Music Reviews

ALBUM REVIEW: Trivium – What The Dead Men Say

It’s hard to believe Ascendancy really did come out fifteen years ago. Much in metal has changed. Of the bright young hopes of the time who all released beloved and important records, Avenged Sevenfold have clearly had the most success, Bullet For My Valentine looked like they were going to match it before derailing hard with a misguided album…and then we have Trivium, sitting somewhere in the middle. Doing just fine, selling thousands of tickets, but never smashing into the arenas occupied by the others, never truly being at the top of the pile. If that didn’t change with their superb eighth album The Sin And The Sentence, it has to with this one, as we will explain.

The title-track opens the record, after an instrumental track which will probably open the post pandemic touring cycle. It’s a certified rager with a powerful vocal performance and an excellent chorus that would certainly justify the response of being sung by ten thousand or so folks in an arena. Catastrophist continues the high quality with its many twists and turns, and monster drumming performance from the impressive Alex Bent, who’s taut playing gives these songs a potent attack akin to Jurgen Klopp’s Liverpool side. Also, the moment where things boot off into the next gear at around the three minute mark is possibly the best single moment of the entire record. You will be singing “You’re a catastrophist” whilst eating your morning cereal, it’s that strong a hook.

This thought is then thrown into a blender, when Amongst The Shadows And The Stones backhands you with its barn-burning introduction. Guitar solos are all over the shop here, thrown at you with delicious abandon, but it’s very smartly done in bursts of no longer than about twenty seconds, impressing without delving into self indulgence. This is a recurring motif throughout the album, alongside big time choruses and shoutalong backing vocals.

There’s even the obligatory shorter songs, and they are also excellent. Paolo Gregoletto’s bass anchors Bleed Into Me whilst Scattering The Ashes bears similarities to songs like Dying In Your Arms, no bad thing as Dying was and is brilliant.

The musicianship across this record is of the highest quality throughout. The band refines its talent for writing technically challenging music, whilst still being anthemic and accessible enough for those who aren’t looking for a prog metal record. This balancing act is something many, many bands simply cannot do no matter how hard they try, and it’s a trick probably best accomplished by the likes of Machine Head with The Blackening in the 21st Century. The album ends on a ridiculously strong note with a killer one-two knockout blow of Bending The Arct To Fear, with its delightfully spiralling, thrashing main riff and its crushing Gojira worship riff at the two minute mark, and The Ones We Leave Behind, with some delightfully Iron Maiden twin lead moments. A delectable distillation of everything Trivium were and are.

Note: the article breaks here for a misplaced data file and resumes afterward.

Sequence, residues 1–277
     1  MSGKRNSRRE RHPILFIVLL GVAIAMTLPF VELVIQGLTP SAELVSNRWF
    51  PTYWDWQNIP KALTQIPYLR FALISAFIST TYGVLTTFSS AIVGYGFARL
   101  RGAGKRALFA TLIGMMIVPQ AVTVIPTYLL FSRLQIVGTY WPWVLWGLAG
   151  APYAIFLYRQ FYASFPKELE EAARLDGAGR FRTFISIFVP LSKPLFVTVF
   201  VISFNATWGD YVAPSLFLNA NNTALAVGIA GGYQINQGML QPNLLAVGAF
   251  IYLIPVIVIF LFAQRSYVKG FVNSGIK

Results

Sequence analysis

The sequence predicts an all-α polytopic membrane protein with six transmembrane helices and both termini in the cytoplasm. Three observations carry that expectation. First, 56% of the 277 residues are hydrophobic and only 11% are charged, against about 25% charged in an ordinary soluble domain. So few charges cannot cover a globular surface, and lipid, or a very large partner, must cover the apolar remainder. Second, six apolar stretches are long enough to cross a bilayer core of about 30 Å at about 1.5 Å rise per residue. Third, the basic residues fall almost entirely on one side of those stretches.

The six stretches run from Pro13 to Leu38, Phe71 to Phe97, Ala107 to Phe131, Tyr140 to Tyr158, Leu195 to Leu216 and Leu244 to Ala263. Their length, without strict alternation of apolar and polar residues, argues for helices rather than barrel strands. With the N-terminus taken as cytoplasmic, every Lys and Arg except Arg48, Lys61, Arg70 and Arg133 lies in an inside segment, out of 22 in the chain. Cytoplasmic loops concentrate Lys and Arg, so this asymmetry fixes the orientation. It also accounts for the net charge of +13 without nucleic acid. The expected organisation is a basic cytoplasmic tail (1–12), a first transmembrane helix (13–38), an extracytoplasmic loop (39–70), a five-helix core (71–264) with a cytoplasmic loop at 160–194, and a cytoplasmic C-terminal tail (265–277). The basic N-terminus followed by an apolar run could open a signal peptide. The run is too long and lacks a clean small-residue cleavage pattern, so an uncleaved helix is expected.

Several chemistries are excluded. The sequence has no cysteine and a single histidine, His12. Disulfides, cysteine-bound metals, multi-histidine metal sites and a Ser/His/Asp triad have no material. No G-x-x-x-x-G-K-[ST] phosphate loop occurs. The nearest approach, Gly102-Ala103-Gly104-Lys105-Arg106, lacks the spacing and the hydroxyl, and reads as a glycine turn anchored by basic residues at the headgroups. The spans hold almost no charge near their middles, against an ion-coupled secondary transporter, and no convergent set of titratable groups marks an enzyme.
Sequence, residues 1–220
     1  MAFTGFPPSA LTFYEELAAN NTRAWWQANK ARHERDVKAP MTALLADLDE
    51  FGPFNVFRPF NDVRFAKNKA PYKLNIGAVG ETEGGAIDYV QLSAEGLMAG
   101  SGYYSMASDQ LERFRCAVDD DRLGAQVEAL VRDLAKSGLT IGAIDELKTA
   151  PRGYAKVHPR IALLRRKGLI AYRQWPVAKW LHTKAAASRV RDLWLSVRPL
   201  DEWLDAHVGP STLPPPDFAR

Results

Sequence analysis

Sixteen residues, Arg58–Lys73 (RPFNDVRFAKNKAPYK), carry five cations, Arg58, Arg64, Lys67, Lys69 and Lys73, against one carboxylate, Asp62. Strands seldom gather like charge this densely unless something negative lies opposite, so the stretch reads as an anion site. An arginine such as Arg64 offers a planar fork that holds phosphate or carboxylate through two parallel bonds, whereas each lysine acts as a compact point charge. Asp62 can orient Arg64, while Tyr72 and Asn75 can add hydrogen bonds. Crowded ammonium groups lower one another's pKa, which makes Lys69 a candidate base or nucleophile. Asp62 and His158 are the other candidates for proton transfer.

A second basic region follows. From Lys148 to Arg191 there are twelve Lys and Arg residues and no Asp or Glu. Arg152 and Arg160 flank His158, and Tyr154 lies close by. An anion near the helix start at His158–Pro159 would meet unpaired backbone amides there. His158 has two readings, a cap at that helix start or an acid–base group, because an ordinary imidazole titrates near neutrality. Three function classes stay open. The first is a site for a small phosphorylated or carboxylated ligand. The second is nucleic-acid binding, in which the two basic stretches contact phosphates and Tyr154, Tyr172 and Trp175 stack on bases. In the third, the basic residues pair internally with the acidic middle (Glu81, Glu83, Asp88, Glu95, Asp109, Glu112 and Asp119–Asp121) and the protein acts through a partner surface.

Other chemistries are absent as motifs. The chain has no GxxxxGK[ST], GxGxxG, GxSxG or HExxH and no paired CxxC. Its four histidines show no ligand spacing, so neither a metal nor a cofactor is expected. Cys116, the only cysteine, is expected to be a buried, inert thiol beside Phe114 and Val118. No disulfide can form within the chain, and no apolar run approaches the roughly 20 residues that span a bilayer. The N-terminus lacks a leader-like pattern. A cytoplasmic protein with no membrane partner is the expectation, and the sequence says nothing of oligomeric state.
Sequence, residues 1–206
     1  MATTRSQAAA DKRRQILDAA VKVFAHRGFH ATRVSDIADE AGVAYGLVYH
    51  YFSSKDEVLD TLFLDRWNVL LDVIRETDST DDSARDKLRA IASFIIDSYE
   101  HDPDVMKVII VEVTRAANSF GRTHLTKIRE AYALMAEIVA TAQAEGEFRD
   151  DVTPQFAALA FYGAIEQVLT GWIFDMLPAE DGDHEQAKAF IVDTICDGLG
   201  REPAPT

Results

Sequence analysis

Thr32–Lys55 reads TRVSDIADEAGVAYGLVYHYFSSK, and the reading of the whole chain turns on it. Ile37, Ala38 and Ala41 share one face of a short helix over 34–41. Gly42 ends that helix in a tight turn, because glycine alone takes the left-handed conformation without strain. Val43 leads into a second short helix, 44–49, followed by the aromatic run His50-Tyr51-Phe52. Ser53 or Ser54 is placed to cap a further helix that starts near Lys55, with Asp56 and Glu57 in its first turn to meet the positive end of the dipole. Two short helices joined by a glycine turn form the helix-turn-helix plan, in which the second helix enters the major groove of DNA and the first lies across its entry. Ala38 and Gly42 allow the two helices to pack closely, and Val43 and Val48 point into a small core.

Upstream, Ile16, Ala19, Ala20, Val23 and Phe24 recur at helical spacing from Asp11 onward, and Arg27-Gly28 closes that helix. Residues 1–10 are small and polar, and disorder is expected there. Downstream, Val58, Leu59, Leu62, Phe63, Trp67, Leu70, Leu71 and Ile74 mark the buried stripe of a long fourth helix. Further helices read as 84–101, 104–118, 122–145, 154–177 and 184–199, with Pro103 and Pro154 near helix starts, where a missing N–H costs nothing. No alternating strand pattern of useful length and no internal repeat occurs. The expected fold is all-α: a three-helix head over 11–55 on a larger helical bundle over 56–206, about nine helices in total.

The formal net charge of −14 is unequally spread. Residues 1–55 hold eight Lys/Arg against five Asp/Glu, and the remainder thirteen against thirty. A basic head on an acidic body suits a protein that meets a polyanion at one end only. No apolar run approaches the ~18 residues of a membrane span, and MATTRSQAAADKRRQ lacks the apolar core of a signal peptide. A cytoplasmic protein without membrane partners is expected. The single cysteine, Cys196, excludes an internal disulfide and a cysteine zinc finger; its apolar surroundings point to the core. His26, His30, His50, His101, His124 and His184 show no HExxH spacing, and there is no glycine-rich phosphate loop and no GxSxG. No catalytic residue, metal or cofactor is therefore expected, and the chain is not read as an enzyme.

Production is handled by Josh Wilbur, his second straight run in the producer’s chair and this partnership continues to bear delicious metallic fruit. The album sounds punchy yet very clean and crisp, and it also does a really great job of bringing out Paolo Gregoletto’s bass, which is always welcome and always excellent. This album tightens up the good work from the previous album, wisely being ten minutes shorter.

If you didn’t think they had come of age before, What The Dead Men Say is an authoritative statement that Trivium are no longer young pretenders but thoroughbreds truly in their prime, stacked to the gills with powerful, modern metal songs.

Ascendancy was the sound of four musicians going to school and stealing their peers’ lunch money. What The Dead Men Say is the sound of those same students straight up running the place as the senior management team. Not only should they get to arenas with these songs, they should never be allowed to be anywhere else ever again.


Standout Tracks: Catastrophist, Amongst The Shadows And The Stones, The Ones We Leave Behind

For Fans Of: Metallica, Machine Head, Iron Maiden

Written by: Louis Tsangarides